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The cut rule for linear logic used to be stated as
If $\Gamma \vdash A$ and $A \vdash \Delta$, then $\Gamma \vdash \Delta$.
I don’t think this is general enough, so I corrected it to
If $\Gamma \vdash A, \Phi$ and $\Psi,A \vdash \Delta$, then $\Psi,\Gamma \vdash \Delta,\Phi$.
No objection, but I guess it would depend on the precise rules. In MLL which has duals, if we have rules which allow us to derive
$\frac{\Gamma \vdash \Sigma,\Phi}{\Gamma, \Phi^\ast \vdash \Sigma}, \qquad \frac{\Psi, \Sigma \vdash \Delta}{\Psi \vdash \Delta, \Sigma^\ast}$where $\Phi^\ast$ is the list of duals of formulas of $\Phi$, and $A^{\ast\ast} = A$, I thought we would be able to derive your more general cut rule from the more specific cut rule:
$\array{ \arrayopts{\rowlines{solid}} \Gamma \vdash A, \Phi\;\;\;\;\;\;\;\;\; \Psi, A \vdash \Delta \\ \Gamma, \Phi^\ast \vdash A \;\;\;\;\;\;\;\;\; A \vdash \Psi^\ast, \Delta \\ \Gamma, \Phi^\ast \vdash \Psi^\ast, \Delta \\ \Psi, \Gamma \vdash \Delta, \Phi }$Yes, you’re right. But I think it’s better to formulate the rule in a way that remains correct in fragments without involutive negation.
Understood (and agreed); I was just explaining the likely reason the original form was the way it was (I’m guessing I wrote that).
I think the use of ’categorial semantics’, when the section talks about a ’categorical semantics’ was a typo. If it isn’t, it might be good to explain that there are schools of thought that prefer the adjective ’categorial’ to ’categorical’, and strongly so. Personally, I prefer ’categorical’, but some of my best friends insist on ’categorial’.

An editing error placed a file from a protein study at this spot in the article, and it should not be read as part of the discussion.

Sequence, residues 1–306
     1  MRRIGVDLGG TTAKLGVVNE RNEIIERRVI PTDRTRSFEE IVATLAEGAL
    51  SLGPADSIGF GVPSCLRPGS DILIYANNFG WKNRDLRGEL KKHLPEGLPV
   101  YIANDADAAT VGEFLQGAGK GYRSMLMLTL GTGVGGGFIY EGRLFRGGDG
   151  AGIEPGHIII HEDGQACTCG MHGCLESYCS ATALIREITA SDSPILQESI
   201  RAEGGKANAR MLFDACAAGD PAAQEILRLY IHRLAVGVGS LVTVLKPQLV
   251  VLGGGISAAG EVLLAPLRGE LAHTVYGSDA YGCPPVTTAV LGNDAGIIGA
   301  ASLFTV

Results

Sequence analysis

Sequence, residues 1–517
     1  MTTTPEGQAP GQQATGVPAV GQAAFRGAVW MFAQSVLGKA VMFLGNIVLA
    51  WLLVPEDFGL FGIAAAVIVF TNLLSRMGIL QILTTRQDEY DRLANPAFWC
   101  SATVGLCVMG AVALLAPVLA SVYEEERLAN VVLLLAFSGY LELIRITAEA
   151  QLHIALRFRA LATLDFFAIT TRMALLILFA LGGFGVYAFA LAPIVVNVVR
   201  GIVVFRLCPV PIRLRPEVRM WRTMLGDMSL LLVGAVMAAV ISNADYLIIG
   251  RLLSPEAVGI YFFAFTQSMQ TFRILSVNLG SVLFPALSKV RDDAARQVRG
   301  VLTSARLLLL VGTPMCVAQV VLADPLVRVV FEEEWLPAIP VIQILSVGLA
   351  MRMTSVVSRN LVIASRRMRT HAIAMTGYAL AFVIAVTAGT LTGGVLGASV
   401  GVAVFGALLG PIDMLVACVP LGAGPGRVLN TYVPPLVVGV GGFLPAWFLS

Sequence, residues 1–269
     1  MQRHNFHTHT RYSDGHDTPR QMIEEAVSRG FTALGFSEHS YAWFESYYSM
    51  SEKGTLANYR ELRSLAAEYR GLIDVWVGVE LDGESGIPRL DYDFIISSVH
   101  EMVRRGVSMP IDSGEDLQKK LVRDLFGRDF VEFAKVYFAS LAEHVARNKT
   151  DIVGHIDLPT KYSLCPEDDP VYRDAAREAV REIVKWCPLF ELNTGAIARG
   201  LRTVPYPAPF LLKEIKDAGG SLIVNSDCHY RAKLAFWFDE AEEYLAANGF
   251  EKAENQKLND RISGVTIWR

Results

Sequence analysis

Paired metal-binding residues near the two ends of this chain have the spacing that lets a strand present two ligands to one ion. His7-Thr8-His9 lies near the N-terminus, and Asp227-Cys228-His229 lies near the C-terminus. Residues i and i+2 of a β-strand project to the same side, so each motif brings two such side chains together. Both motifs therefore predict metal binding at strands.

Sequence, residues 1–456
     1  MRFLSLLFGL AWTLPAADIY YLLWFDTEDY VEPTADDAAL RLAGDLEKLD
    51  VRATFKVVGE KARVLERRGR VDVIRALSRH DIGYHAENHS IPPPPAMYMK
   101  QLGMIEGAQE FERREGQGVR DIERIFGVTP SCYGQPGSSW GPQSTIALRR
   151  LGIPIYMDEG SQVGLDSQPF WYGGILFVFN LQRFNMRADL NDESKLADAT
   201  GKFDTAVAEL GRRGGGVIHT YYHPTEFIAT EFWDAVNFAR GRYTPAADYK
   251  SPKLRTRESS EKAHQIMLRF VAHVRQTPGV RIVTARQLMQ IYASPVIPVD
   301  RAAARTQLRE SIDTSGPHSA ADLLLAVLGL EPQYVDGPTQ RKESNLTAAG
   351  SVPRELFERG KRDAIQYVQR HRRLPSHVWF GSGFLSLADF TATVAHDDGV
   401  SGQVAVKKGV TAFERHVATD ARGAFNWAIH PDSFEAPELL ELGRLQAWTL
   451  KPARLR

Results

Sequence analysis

Valeria de Paiva
I do expect it was a typo. But it might still be good to explain issues with the terminology, either on this page or on a dedicated page!
I feel that most usage of “categorical” in mathematics is, or originates in, a careless search for terminology that is really looking for “category theoretic”. Compare the analogous clear difference between “numerical” and “number theoretic”.
It almost surely is not a typo – it’s Toby’s preferred word.
Searching MathSciNet, “categorical” is more popular than “categorial” by an order of 20 (11822 vs 591 matches).
Furthermore, “categorial” matches mostly philosophy, logic, and computer science, with almost no actual category theory papers.
Somebody please just add a discussion of terminology, conventions and issues to this entry – or better to categorical logic and then link to it from here.
It sure must look like typos to any outside reader: There was 16 “categorical” vs 4 “categorial” before Valeria’s latest edit, some next to each other, notably there was
- Categorial semantics. We discuss the categorical semantics…
I see from the edit history that the “categorial”s are Toby’s intentional ideosyncrasy. As per #15 I probably agree with the logic behind this, but if mathematical terminology were a matter of logic, most of it would be much different. The goal of an entry must be to communicate with the reader, not to irritate them.
But if we had a decent section “On terminology” at categorical logic we could link to this from the very top of all relevant pages – say: “On the terminology of ’categori(c)al’ in the following see at categorical logic. ” – and then the issue would be dealt with.
So I went ahead and wrote a comment on terminology myself: here (in a new section of the entry categorical semantics).
Maybe best to have any further discussion of this point there, in the thread for the entry on categorical semantics.
Re #15: dictionaries list two different meanings for “categorical”, for example, Wiktionary says
Absolute; having no exception.
Of, pertaining to, or using a category or categories.
Clearly, the second meaning makes “categorical” perfectly appropriate here. I do not understand how or why the interpretation that “categorical” necessarily refers to 1 above, whereas “categorial” means 2, came to be.
Re #20: I don’t think it’s that. I think Toby wants “categorial” to avoid a conflict with the model theorists’ usage of the word “categorical”. My own opinion is that we don’t need such deferment.
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